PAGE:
The years since Hemingway's death at the age of 61 have seen the creation of the Hemingway Society with a scholarly journal, a newsletter with worldwide circulation, and more than 60 conferences devoted in full or in part to Hemingway. A stream of books and articles have contributed to the mystique about the writer. This guide covers Hemingway's life and works and provides a comprehensive introduction to the author. The entries, from Aachen (a German city mentioned in Across the River and Into the Trees) to Zurito (a bullfight picador in "The Undefeated"), offer what Oliver, a Hemingway scholar, calls "the who, what, where, and when." The introduction briefly describes Hemingway's literary output, which consisted of nine novels, four nonfiction books, more than 100 short stories (including fragments, interchapters, and allegories), more than 400 articles, a play, and some poetry. The encyclopedia itself gathers a wealth of material and makes it accessible through the alphabetical arrangement of entries and, where needed, cross-references. Entries cover people (family, friends, and circle of writers), places, and other relevant topics, as well as characters, short stories, novels, nonfiction books, story collections, and poetry. Plot summaries for the novels, short stories, and play include nearly all characters, even those offstage. Summaries are provided for all of the nonfiction books and pieces of journalism, and there are publication data for the poems. Examples of other topics that are included are Fifth column, a term first used in 1936 at the beginning of the Spanish civil war (as well as the title of Hemingway's only play); and Sack, which covers the bait box in The Old Man and the Sea but which is also identified here as part of Christian imagery. Most entries are quite brief, though those for major works can cover several pages. The introduction notes that titles for most of the works are Hemingway's, but notable exceptions are the newspaper and magazine articles, whose titles often were provided by copy editors. In some cases where the articles were ultimately gathered and published under a collective title chosen by the editor (for example, William White's By-line Ernest Hemingway), the entry indicates the original news headline as well as the collective title. The introduction also identifies how the 30 dispatches of The Hemingway Review are identified, and how short interchapters or vignettes are listed. The entries are followed by five appendixes: a map from Islands in the Stream; a family tree; "Hemingway's Chronology and Dateline"; a list of film, stage, television, and radio adaptations of Hemingway's work and works about Hemingway (with more complete discussion in the text, including cast lists for most productions); and a bibliography. The chronology not only lists Hemingway's significant dates but juxtaposes those dates, personal events, and literary publications with contemporaneous historical events. This enables the reader to see at a glance Hemingway's life as a part of the historical tapestry of the twentieth century. This reference work is easy to use, packed with details, and highly readable. Both public and academic libraries should find this title a strong addition to their reference collection and some may want to add a circulating copy as well.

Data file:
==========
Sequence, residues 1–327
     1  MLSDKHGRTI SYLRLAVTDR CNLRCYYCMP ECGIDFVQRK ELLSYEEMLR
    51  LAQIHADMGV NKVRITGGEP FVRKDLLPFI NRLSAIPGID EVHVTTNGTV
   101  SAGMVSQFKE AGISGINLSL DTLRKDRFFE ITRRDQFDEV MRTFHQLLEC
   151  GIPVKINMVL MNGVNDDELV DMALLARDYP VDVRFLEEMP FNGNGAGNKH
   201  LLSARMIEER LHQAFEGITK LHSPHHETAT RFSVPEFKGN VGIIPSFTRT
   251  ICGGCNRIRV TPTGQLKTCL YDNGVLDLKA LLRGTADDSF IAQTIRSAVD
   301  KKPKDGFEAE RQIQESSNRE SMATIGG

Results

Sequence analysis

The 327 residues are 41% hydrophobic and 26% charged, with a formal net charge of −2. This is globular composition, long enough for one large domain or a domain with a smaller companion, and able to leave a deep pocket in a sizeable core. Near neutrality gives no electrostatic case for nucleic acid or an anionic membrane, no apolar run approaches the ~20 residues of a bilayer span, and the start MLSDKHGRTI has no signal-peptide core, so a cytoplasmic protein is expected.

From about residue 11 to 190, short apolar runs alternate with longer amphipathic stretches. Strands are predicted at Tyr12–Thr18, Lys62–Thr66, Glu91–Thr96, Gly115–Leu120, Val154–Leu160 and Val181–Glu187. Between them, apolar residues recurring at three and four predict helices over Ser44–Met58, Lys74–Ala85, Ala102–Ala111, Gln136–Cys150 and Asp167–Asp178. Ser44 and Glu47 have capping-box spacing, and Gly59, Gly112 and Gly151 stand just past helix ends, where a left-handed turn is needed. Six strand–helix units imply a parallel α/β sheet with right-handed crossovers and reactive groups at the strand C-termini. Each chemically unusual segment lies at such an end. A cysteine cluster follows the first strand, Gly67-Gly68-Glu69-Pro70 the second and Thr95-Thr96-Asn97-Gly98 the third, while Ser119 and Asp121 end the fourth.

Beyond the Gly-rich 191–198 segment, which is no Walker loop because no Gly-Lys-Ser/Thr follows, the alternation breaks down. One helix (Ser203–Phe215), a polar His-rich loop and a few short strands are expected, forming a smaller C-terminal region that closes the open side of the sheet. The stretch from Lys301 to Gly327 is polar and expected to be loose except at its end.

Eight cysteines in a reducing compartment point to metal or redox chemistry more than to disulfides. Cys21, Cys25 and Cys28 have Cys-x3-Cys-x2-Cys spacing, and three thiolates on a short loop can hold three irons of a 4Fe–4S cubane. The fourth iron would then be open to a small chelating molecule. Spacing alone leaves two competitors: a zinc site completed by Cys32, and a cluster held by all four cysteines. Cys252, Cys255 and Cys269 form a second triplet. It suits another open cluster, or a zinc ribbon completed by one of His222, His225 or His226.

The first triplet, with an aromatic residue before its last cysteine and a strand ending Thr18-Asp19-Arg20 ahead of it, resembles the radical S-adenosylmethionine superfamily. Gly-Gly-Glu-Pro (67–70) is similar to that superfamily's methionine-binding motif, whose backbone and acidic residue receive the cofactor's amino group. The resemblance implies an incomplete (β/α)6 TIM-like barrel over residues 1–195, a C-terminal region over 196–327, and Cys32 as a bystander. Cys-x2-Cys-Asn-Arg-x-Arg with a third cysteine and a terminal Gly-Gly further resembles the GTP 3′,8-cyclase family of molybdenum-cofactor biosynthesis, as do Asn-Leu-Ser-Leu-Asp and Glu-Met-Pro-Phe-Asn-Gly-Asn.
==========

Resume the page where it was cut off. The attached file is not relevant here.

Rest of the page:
School Library Journal Review